The luxury of a morning in after a milonga, to enjoy a slow coffee in the sunshine and remember the partners you shared the previous evening with: the tall one who delighted in a fast vals tanda, the short round body that fitted itself so memorably and fluently into the slow grave music of some Tipica Victor, the older Italian who enjoyed so much the elegance of a tanda of De Angelis early when the floor was empty. I enjoyed dancing with her a few times: she spoke no English and very little Spanish, and I guess her conversations (with Pedro Sanchez among others) were in Italian of sorts, possible because it was the language of at least one of the parents of many living Argentines, and anyway Italian and Spanish are not so different.
And some local partners: the one with tattoos and tight jeans (I didn't notice the jeans until she stood up) seemed out of place in a traditional milonga, not so much because of the jeans (she looked elegant enough) but as she clearly preferred an open/close embrace and the kind of dance that goes with it. & then a wonderful lady who talked and laughed happily between dances and then simply melted into four tangos of D'Agostino (with Angel Vargas, as she reminded me): the floor just seemed to open up around us. Then that slender partner: at first we couldn't quite agree on the beat, then it began to settle down and by the fourth tango the shared warmth of the embrace was the only thing that existed, constant and unchanging, so much at one with partner that the music and the floor just fell into place around the embrace. Then we walked away from it; that, after all, is the agreement.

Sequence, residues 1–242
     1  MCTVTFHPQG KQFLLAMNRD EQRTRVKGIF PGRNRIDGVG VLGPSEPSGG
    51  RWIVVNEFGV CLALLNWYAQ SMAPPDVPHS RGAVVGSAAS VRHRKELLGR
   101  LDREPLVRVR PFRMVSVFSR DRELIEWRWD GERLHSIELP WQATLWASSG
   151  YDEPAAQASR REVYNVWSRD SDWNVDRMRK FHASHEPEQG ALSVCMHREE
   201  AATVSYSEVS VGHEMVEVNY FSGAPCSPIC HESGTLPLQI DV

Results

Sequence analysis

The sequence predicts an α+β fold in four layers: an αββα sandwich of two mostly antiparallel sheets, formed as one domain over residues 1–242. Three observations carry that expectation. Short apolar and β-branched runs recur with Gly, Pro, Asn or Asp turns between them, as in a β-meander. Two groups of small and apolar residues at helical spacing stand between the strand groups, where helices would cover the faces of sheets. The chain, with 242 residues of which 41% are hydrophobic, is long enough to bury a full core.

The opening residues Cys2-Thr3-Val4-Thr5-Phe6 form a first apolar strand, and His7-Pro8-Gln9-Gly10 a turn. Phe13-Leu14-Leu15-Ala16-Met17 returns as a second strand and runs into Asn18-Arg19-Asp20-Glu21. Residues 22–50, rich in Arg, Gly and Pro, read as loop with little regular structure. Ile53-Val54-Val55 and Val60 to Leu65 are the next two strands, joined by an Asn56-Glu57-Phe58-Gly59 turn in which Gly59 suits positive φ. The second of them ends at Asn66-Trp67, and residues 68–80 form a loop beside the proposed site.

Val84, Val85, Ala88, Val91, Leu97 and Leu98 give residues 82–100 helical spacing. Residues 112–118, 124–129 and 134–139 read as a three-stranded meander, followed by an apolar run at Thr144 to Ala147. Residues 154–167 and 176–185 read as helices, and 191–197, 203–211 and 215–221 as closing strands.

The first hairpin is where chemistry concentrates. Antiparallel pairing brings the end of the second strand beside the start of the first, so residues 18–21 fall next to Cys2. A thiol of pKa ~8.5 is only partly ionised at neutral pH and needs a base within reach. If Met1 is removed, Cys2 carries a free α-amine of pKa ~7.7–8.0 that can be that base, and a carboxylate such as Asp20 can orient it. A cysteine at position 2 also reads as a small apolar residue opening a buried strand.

Dance and music: musicians leave hard evidence of what they've made, but dancers leave nothing but memories, and perhaps an unquantifiable change of consciousness created by the few moments' experience of intimacy with a partner, who may be a complete stranger.
Memories, and now videos I guess. Actually I wonder if video could be misleading for intimate social tango as it emphasises watching and performance rather than direct experience. It's great that people learn from it, but learning from video is likely to be partial. You see only the obvious and you may really need someone with long experience to show you, physically or even in the video, things that might not be immediately obvious. Video tends to minimise the physicality and you might end up with the bare bones of a dance, without its seductive flesh. I hope video doesn't end up degrading the close embrace dance.